Why does the story of the Titanic still have the power to move us, even though it happened more than a hundred years ago?
I moved near to Southampton some years ago and soon became aware of the scar that the loss of the Titanic over a hundred years ago had made on this proudly seafaring city. There is hardly a street here which did not suffer the loss of a member of their family. Even now memories abound, kept alive by the tales told to relatives, and passed down through grandchildren, nephews and nieces.
The ship was supposedly bringing work and a new prosperity to the city. Instead it brought heartache, and the stricken faces of those desperately waiting for news. So many never came back and those that did were never the same. What they witnessed that night would haunt them forever.
Waiting outside the White Star offices for news.
“The sounds of people drowning are something that I cannot describe to you...It’s the most dreadful sound and there is a terrible silence that follows it.”
Eva Hart, survivor.
But not everyone is so intimately affected so why do they care? Perhaps it’s the mythology constructed around the disaster including many films, books and television series. Gradually it became a soap opera in which tales of heroism and romance abound – Ida Strauss refusing to leave her husband, Molly Brown rowing a lifeboat to safety and Harold Lowe who kept going back to search for survivors; the brave bandsmen who played whilst the ship sank. More dastardly deeds were also remembered, for instance the role of Bruce Ismay, Chairman and Managing Director of the White Star Line.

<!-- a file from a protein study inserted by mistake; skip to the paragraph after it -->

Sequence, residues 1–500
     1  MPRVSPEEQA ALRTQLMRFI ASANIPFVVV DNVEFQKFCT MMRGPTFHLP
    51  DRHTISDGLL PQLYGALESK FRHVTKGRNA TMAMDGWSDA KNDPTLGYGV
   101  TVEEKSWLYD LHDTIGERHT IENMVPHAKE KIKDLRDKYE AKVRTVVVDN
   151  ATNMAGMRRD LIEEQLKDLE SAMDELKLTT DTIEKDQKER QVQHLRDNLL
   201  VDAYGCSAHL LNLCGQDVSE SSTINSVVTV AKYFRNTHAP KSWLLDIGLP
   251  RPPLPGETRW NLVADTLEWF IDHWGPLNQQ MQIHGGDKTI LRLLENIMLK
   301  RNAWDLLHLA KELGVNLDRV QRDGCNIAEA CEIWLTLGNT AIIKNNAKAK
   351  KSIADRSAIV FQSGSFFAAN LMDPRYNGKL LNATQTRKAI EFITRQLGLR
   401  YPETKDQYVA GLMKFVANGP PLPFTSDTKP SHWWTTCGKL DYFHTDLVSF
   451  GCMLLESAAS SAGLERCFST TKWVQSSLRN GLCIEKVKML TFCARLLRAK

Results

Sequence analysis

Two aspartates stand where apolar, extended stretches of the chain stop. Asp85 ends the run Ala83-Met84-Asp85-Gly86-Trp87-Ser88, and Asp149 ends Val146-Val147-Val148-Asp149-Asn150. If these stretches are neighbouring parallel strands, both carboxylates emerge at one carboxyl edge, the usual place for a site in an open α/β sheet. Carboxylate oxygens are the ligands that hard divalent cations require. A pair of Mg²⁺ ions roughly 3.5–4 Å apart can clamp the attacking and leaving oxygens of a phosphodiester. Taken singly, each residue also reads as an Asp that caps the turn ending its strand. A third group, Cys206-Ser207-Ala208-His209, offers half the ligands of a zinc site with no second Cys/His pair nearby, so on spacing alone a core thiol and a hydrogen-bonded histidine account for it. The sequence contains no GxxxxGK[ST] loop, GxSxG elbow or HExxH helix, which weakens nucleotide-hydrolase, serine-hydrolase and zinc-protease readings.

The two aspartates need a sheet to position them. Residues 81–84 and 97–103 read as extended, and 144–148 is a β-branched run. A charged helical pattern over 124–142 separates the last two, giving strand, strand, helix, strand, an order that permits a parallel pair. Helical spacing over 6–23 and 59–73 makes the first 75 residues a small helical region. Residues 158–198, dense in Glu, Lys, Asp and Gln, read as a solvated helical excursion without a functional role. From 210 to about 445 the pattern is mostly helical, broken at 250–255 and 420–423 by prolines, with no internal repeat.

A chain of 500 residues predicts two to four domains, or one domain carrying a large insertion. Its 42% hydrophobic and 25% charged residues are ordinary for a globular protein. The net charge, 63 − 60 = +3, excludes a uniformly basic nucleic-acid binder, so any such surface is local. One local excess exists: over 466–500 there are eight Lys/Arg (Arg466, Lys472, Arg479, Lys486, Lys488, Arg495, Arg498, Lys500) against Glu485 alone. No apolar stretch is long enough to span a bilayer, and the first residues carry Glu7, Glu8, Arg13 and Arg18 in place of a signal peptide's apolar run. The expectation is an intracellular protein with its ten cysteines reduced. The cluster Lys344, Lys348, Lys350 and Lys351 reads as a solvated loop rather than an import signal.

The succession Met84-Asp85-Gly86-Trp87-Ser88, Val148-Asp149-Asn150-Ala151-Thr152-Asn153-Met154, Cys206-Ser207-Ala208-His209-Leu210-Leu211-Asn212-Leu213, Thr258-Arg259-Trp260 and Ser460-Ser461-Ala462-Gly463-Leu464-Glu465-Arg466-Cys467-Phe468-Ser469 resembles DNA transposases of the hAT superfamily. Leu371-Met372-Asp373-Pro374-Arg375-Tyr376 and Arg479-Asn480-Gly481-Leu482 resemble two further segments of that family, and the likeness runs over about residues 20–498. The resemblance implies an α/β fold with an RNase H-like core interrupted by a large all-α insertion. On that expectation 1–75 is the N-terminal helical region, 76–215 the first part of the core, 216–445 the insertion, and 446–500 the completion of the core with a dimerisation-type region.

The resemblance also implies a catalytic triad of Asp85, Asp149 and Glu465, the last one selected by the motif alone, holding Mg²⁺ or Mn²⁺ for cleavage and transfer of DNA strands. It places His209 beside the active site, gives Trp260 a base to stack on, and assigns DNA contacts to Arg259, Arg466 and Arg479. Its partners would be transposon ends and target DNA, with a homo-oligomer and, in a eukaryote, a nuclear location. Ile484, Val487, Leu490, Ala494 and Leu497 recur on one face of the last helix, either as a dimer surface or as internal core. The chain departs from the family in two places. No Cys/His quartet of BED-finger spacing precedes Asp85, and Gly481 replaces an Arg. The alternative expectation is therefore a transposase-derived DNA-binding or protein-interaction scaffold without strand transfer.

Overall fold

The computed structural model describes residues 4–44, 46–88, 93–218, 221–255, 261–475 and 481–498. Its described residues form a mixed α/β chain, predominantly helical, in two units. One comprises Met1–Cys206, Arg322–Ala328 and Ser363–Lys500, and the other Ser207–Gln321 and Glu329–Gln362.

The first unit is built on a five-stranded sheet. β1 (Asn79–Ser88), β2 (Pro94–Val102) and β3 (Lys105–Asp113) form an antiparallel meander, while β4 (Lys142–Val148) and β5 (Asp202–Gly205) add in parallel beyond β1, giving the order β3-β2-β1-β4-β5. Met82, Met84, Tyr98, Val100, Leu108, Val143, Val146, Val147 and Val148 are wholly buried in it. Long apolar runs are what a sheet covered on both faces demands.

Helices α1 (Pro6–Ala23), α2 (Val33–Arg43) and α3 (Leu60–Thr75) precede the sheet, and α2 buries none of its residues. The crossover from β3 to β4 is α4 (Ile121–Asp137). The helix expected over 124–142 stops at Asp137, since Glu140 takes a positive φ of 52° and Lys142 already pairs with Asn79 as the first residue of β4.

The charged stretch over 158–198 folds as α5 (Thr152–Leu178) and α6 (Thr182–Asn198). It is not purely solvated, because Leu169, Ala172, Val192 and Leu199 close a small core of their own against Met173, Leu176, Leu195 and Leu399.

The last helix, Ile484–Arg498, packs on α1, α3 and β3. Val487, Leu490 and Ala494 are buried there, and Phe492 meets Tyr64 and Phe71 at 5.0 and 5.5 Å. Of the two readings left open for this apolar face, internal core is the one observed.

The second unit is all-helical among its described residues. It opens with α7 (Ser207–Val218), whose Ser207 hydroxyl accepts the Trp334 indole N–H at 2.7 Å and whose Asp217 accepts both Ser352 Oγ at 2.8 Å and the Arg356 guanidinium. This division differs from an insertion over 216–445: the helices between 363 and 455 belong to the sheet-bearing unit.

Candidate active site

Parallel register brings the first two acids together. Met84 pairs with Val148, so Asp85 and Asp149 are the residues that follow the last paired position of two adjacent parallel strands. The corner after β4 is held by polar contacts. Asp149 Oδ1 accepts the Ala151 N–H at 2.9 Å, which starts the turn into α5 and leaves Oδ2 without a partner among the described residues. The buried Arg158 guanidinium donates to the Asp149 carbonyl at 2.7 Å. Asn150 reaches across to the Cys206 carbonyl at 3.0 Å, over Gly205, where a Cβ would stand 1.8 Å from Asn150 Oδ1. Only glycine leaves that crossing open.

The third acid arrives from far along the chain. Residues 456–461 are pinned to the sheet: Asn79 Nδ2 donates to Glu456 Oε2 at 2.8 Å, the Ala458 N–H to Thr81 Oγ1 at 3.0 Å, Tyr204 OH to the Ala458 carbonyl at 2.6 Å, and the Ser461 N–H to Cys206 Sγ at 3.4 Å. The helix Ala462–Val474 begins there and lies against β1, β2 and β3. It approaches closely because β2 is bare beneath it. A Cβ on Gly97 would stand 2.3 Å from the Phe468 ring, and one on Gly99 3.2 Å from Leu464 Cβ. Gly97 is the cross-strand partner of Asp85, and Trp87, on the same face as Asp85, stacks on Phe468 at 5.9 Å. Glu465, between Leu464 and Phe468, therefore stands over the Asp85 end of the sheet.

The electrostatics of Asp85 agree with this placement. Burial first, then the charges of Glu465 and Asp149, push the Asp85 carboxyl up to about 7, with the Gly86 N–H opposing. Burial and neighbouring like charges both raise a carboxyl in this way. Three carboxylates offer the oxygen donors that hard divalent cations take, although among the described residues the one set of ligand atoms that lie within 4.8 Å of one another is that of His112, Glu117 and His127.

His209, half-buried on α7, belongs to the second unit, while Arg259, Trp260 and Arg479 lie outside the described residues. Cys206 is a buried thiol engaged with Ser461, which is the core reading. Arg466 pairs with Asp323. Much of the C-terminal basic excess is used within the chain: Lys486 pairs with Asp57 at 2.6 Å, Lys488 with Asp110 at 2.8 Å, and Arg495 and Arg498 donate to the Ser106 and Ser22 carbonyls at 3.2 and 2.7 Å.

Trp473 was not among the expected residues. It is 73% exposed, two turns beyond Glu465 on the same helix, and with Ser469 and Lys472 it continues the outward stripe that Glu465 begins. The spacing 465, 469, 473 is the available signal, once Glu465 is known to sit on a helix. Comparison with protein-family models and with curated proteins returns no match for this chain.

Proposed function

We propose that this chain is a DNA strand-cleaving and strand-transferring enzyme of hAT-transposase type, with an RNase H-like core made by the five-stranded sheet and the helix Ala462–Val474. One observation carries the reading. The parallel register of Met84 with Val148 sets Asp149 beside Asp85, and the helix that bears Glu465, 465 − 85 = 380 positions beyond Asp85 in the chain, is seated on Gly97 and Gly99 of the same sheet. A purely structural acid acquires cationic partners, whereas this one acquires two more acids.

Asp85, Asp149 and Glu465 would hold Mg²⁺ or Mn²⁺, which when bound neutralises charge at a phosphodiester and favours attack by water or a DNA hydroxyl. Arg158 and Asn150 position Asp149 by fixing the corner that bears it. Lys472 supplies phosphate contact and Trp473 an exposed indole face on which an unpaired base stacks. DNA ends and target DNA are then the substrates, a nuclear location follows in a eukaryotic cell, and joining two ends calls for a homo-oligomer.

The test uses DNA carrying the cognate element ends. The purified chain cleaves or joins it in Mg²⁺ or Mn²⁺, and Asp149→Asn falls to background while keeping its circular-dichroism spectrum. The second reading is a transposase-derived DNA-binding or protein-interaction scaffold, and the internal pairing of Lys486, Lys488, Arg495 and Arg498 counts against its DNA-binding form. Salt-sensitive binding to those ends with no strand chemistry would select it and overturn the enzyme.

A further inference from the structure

In 2012, Southampton commemorated the centenary of the disaster in many different ways. One of the most effective was also very simple
Titanic - "From Prow to Stern" - Life-Size - Southampton, England - East Park - 14-15 April 2012
An outline of the deck of the doomed ship was marked out in a city park and just walking round it made it easy to imagine the awe of those observing the great ship’s launch. What also became apparent from information boards was the hubris of the management, only providing enough lifeboats for half the passengers. Even worse, the ones that were provided weren’t properly filled.
A moving vigil was held when a candle was lit for each person who had died
Image copyright 20th Century Fox ,Paramount Pictures
Naturally we’re shocked by the hierarchical attitudes of the ship’s officers in the films but may put that down to the film-makers showing events in a more dramatic light. The statistics speak for themselves though and still shock. Of the 706 third class passengers only 178 survived (24%) whilst the 325 First Class passengers fared better – 202 survived (61%). Ironically many of the dead were attempting to make a new life in a world where they believed class would not matter.
Victorian Britain had appeared to be innovative and confident but there were firm rules governing people’s position in society. All still seemed well during the brief flamboyant reign of Edward VII but cracks were appearing. The Titanic disaster proved to be a microcosm of a country in which there was now no certainty and very little justice if you were poor.
Life has changed a great deal since 1912 and society is much more egalitarian. However despite vast social changes there are still concerns about the gap between the rich and the poor and we have pressing fears as to the effectiveness and safety of scientific innovation. This is why the legends around the sinking of the Titanic still have the power to move us.
Here is a video showing genuine footage of The Titanic
Titanic Disaster - Genuine Footage (1911-1912)